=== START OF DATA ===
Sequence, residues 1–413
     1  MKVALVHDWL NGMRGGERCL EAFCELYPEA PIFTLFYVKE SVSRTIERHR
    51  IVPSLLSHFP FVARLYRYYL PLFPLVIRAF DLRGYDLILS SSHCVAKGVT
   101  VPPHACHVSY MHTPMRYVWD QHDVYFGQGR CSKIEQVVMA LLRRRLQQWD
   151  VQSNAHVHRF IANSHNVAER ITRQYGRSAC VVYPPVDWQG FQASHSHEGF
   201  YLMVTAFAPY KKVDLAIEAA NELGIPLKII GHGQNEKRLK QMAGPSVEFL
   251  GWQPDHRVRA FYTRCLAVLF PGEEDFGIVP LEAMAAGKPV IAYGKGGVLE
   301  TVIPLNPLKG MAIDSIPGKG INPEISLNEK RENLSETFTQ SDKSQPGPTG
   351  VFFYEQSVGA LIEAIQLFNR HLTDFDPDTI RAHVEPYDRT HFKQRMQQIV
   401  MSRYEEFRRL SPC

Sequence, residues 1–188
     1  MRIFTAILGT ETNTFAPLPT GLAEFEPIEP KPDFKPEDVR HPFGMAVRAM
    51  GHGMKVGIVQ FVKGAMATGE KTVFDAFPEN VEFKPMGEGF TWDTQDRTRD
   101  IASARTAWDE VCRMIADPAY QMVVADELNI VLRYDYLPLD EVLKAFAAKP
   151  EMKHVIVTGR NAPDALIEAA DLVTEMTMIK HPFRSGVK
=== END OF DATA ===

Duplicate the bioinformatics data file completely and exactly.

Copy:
Sequence, residues 1–413
     1  MKVALVHDWL NGMRGGERCL EAFCELYPEA PIFTLFYVKE SVSRTIERHR
    51  IVPSLLSHFP FVARLYRYYL PLFPLVIRAF DLRGYDLILS SSHCVAKGVT
   101  VPPHACHVSY MHTPMRYVWD QHDVYFGQGR CSKIEQVVMA LLRRRLQQWD
   151  VQSNAHVHRF IANSHNVAER ITRQYGRSAC VVYPPVDWQG FQASHSHEGF
   201  YLMVTAFAPY KKVDLAIEAA NELGIPLKII GHGQNEKRLK QMAGPSVEFL
   251  GWQPDHRVRA FYTRCLAVLF PGEEDFGIVP LEAMAAGKPV IAYGKGGVLE
   301  TVIPLNPLKG MAIDSIPGKG INPEISLNEK RENLSETFTQ SDKSQPGPTG
   351  VFFYEQSVGA LIEAIQLFNR HLTDFDPDTI RAHVEPYDRT HFKQRMQQIV
   401  MSRYEEFRRL SPC

Sequence, residues 1–188
     1  MRIFTAILGT ETNTFAPLPT GLAEFEPIEP KPDFKPEDVR HPFGMAVRAM
    51  GHGMKVGIVQ FVKGAMATGE KTVFDAFPEN VEFKPMGEGF TWDTQDRTRD
   101  IASARTAWDE VCRMIADPAY QMVVADELNI VLRYDYLPLD EVLKAFAAKP
   151  EMKHVIVTGR NAPDALIEAA DLVTEMTMIK HPFRSGVK